August 10, 2010
PSA: I Hated Bret Easton Ellis' Sequel to Less Than Zero
Posted by Christine Hurt

I have to admit that nostalgia reeled me in to buying the Kindle version of Imperial Bedrooms, the sequel to Less Than Zero.  That 1985 book was of course made into the sanitized 1987 movie starring Kevin McCarthy, Jami Gertz and Robert Downey Jr.  During the summer of 1990, I read every book that Bret Easton Ellis and Jay McInerney had written (I worked in a library).  Since then, my favorite McInerney book is his Brightness Falls (how many books do you know that combine LBOs and the publishing world?), and his 2007 sequel The Good Life.  So, I blame nostalgia.

If I had been smart, I would have realized that there aren't very many favorable reviews of the book; here is the NYT Book Review, for example.  One Salon review tries to preempt my disappointment by saying that "detractors will hate" this "beautiful foray into ugliness," but I notice it was written by Barnes & Noble, who would surely like you to buy the book.

So, why is it so bad?  Well, I hated Ellis' 1991 American Psycho, and Imperial Bedrooms is a strange lovechild of Less Than Zero and that book, which profiled a young Wall Street player who is either a sadistic, cannabalistic, necrophliac serial killer or a deranged psychotic (or both, I suppose).  The plot line is intriguing, but the details are pretty hard to stomach.  In Imperial Bedrooms, our hero Clay, who we last saw in Less Than Zero rejecting the amorality of the L.A. party scene to return to the East Coast, seems to have become the American Psycho while in NY, and brought a little of it back to the L.A. party scene, which is unchanged except for the introduction of cell phones.  And, the details are hard to stomach.  And, unlike American Psycho, which has some literary value, this book has little to offer to make one want to skim over these parts to get to the story.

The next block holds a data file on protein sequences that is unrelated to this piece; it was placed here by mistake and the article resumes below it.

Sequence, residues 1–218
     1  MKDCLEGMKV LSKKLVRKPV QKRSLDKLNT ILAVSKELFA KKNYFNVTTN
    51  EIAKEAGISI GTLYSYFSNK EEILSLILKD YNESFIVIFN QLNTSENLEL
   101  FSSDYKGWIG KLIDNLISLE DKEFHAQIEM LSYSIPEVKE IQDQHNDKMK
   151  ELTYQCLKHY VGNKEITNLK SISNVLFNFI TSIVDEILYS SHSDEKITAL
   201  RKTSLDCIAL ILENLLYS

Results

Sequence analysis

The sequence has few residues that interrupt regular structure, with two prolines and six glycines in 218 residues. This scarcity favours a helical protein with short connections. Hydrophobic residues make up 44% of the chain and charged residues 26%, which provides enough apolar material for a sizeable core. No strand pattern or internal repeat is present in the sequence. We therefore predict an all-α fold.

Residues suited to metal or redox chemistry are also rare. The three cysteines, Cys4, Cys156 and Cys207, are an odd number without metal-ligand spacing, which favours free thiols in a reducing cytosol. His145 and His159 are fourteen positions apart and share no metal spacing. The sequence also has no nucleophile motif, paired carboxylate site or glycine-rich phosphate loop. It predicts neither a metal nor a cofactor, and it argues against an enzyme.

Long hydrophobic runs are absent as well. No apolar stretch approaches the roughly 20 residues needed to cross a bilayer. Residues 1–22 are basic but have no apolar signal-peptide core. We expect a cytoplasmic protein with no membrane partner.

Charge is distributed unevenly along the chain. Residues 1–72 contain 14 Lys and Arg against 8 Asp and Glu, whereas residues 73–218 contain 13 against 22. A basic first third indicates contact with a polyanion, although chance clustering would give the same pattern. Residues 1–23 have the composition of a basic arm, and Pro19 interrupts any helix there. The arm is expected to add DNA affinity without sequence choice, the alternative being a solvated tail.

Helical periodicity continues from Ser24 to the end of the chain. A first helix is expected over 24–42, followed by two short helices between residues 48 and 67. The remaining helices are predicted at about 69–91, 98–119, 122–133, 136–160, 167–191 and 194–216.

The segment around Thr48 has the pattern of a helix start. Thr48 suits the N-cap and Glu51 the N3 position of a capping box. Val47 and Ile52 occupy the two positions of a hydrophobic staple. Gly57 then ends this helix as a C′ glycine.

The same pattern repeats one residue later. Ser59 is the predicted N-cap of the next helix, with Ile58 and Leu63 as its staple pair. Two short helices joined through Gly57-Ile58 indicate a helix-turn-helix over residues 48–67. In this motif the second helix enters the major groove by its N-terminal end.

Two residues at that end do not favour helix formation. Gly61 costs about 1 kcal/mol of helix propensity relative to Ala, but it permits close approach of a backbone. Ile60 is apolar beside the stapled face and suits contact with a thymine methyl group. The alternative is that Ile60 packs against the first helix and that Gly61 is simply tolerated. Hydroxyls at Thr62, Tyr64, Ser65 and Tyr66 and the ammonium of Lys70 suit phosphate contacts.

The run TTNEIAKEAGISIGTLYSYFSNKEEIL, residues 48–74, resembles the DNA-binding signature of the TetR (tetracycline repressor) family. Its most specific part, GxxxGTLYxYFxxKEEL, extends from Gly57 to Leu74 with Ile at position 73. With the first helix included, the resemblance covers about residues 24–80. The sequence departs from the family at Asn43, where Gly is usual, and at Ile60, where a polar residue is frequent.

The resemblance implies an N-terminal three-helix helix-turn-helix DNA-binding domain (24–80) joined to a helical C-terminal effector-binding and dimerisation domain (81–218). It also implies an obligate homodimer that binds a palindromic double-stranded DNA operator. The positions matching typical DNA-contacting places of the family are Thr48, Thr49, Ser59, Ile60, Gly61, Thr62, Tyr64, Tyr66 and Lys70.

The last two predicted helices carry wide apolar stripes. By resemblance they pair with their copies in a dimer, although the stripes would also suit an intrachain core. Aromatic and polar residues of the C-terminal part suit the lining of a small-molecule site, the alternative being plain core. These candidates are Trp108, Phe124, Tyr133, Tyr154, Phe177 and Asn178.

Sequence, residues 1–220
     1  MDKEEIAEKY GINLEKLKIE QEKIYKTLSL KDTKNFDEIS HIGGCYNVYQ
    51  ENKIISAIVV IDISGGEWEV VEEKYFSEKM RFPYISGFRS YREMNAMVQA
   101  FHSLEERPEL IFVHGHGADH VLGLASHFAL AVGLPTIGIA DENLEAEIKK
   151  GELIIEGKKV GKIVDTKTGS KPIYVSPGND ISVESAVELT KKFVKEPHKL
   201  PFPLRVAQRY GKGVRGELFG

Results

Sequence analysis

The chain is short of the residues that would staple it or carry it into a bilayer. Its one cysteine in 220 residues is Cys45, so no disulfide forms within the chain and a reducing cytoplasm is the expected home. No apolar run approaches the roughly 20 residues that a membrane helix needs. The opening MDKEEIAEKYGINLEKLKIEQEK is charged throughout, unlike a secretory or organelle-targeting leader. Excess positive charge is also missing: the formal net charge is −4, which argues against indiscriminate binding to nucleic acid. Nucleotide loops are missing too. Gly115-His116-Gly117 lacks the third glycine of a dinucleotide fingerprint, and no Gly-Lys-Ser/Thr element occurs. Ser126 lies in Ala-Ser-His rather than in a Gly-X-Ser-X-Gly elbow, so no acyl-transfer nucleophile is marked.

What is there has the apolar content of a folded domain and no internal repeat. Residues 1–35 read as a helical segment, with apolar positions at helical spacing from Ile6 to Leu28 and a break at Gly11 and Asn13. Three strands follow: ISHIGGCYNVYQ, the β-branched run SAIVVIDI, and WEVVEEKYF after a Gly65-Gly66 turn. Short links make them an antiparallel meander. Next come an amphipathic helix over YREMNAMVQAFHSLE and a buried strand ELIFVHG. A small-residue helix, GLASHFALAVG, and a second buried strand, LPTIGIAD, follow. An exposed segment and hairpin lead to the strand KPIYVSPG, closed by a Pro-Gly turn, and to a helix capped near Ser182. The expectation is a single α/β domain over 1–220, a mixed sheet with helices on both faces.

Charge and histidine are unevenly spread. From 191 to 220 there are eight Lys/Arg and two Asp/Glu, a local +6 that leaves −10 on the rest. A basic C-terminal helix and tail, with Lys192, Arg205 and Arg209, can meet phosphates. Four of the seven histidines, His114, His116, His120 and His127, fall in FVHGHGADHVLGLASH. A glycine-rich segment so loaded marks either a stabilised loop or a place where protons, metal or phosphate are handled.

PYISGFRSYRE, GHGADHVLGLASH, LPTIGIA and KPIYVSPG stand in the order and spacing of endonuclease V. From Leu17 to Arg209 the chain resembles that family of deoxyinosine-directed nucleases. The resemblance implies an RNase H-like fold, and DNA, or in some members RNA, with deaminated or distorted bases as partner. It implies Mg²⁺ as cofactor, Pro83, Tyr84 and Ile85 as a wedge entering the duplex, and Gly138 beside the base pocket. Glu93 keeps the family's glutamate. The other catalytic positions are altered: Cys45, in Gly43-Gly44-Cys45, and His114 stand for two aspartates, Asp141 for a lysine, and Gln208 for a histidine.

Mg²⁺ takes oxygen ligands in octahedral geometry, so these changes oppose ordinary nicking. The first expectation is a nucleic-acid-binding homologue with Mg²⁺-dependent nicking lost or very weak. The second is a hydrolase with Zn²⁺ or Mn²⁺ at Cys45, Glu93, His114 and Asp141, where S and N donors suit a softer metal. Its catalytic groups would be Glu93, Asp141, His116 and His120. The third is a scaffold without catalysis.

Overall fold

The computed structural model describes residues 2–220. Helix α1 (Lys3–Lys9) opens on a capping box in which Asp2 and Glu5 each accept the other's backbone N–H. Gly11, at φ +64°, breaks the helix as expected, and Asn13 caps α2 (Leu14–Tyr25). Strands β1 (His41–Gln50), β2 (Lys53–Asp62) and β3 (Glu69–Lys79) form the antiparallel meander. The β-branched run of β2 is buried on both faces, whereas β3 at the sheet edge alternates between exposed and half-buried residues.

The most interesting part of the book comes at the beginning, but is never touched again.  The first three pages or so chronicle how "They had made a movie about us."  The conceit is that "the author" had written a book about Clay, Julian and Blair, making Clay the narrator, and that the book was made into a movie.  Now, the real Clay is narrating this book and resents the fact that "the author" had stolen their story and changed it into a skewed piece of fiction.  The first book's author isn't named, but plot facts seem to point to a character named Trent, if it is a named character, who in the second book is married to Blair.  But, of course, this creates cleverness on many levels: 

Real author Ellis gets to use Real Clay to critique what Real Ellis wrote 25 years ago. 

Real Clay gets to present himself in a better light, which is ironic because the character moves from "cold" and "passive" to violently active. 

Real Ellis gets to complain about how the Less Than Zero movie was so different from the book and why the  post-modernism of the book was converted to an anti-drug message of consequences and redemption. 

Real Ellis gets to make a book sequel that is ready-for-movie-adaptation by bringing back to life the Julian (Robert Downey, Jr.) character the movie version had killed off without thinking ahead.   

And, Real Ellis gets to compliment Robert Downey, Jr. and possibly butter him up for the movie adaptation of the second book.

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